Illuminating active fault zones through correlation of optical satellite imagery
- Date: Thursday 21 March 2019, 15:00 – 16:00
- Location: Roger Stevens LT 12 (10M.12)
- Type: Seminars, Earth and Environment
- Cost: Free
James Hollingsworth (University of Grenoble)
Precise documentation of the spatial pattern and magnitude of surface slip produced co-seismically in earthquakes, and in the post- and inter-seismic phases of the seismic cycle, is essential for understanding the mechanics of how faults slip. Modern techniques in satellite geodesy, such as GPS and InSAR, provide powerful tools for retrieving surface displacements at high precision produced by earthquakes. However, GPS measurements are typically very sparse, while InSAR often fails close to faults, where strain gradients are large. Optical image correlation is a relatively new technique for retrieving earthquake deformations close to faults.
Sub-pixel phase correlation of satellite (or aerial) images acquired before and after an earthquake can resolve displacements as low as 1/20th of the input imagery pixel resolution. Because optical image correlation retrieves the displacement averaged over small areas (compared with spot measurements collected in the field), they include any off-fault deformation (OFD) occurring on secondary or distributed structures, as well as deformation localized on the main fault. Comparison with co-seismic field measurements for large strike-slip earthquakes provides a unique opportunity determine the magnitude of OFD occurring in earthquakes globally.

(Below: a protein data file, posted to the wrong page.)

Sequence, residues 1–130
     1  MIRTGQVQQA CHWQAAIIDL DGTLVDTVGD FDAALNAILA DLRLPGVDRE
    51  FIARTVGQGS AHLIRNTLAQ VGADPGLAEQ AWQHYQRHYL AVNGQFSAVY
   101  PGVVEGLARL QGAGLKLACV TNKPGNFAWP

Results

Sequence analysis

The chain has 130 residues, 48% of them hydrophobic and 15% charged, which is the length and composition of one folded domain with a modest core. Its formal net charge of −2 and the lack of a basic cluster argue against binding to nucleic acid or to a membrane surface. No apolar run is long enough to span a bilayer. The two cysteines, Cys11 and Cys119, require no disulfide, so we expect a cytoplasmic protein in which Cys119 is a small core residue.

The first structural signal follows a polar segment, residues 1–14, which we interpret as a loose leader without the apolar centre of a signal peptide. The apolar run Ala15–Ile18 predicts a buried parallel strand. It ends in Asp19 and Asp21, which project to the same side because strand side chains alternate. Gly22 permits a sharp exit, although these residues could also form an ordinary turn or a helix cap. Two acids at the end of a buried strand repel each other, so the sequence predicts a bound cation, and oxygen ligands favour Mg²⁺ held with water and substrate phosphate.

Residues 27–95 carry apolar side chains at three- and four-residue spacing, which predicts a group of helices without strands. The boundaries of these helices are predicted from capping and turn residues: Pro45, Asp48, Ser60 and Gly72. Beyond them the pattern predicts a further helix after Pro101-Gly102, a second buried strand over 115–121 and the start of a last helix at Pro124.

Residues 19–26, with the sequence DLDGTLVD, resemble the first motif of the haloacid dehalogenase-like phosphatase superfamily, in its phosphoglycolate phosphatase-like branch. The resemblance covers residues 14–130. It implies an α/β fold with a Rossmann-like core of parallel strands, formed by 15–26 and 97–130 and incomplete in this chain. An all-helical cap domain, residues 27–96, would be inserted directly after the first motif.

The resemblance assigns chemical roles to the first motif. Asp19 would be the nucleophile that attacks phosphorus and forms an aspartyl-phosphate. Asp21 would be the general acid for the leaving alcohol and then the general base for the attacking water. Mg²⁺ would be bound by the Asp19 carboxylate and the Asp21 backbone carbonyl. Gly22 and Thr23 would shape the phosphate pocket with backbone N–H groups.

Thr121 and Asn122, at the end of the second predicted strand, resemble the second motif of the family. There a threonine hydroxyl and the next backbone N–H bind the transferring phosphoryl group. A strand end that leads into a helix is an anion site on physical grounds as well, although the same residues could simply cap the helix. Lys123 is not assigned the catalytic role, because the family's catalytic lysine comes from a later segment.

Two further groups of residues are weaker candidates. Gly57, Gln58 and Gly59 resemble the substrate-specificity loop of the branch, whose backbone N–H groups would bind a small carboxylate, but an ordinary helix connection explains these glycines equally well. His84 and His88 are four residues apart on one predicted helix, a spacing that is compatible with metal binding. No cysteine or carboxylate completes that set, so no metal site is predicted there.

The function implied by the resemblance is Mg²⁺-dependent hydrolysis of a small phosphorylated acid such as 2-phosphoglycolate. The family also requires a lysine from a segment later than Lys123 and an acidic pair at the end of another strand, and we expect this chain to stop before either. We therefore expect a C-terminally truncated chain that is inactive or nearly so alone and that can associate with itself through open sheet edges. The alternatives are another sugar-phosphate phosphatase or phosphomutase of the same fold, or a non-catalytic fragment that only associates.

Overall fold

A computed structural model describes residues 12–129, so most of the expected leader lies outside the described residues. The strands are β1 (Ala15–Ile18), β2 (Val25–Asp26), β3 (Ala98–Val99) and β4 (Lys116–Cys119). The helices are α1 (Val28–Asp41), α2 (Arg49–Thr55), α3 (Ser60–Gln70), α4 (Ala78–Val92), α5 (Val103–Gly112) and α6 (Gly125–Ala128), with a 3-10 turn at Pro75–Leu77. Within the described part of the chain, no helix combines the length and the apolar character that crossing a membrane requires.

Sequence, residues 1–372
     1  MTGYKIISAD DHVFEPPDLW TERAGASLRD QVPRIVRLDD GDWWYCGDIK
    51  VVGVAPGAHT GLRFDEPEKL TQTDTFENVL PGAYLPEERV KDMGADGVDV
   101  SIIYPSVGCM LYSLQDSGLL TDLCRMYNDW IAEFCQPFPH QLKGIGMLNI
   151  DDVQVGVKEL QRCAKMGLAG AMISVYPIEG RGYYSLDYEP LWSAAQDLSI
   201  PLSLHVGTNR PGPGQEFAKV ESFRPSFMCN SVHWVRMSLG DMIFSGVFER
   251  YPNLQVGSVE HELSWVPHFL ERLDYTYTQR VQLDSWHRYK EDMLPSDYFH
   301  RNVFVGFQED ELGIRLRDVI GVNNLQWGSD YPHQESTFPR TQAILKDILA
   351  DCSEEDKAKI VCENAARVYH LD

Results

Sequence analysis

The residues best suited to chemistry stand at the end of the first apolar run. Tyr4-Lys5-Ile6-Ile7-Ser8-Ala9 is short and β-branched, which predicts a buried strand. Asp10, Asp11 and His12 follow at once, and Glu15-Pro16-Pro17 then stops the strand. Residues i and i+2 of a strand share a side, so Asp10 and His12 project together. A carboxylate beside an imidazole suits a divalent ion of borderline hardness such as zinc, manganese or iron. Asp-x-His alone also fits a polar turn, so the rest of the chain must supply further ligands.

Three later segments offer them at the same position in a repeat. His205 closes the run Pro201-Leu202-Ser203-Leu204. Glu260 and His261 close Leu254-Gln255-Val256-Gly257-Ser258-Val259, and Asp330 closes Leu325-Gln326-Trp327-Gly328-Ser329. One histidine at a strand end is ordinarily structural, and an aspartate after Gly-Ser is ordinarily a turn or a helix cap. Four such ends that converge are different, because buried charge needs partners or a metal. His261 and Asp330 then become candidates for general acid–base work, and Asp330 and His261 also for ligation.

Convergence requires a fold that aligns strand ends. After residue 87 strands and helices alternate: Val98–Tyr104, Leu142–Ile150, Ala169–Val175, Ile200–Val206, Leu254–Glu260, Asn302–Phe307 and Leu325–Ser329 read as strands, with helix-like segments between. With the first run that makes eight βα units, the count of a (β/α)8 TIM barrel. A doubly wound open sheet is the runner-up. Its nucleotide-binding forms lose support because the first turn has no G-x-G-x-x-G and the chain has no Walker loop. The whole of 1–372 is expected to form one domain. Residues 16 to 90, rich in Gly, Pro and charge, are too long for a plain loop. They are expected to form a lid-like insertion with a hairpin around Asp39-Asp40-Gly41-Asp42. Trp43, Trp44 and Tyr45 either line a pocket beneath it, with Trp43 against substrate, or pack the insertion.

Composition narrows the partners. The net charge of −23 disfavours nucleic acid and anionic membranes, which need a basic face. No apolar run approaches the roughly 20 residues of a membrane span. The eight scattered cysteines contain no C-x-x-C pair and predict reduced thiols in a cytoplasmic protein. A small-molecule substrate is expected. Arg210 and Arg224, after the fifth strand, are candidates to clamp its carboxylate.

I discuss several case studies from earthquakes (including Landers, Hector Mine, Balouchistan, Norcia, and Kaikoura) where optical image correlation has been used to characterize near-field co-seismic displacements. OFD appears to correlate with total geological offset on strike-slip faults, suggesting an increase in localisation and decrease in OFD as faults mature. Better characterization of the magnitude and width over which OFD occurs is essential for the correct assessment of fault slip rates using Quaternary dating techniques, and earthquake slip histories determined from paleoseismology, which are both key ingredients in seismic hazard assessment. I finish with several examples of future research directions in which optical image correlation can be further developed to provide more detailed and precise 3D measurements of ground deformation over time; with huge potential for studying active fault zones, as well as a wide range of other surface phenomena occurring on Earth and throughout the solar system.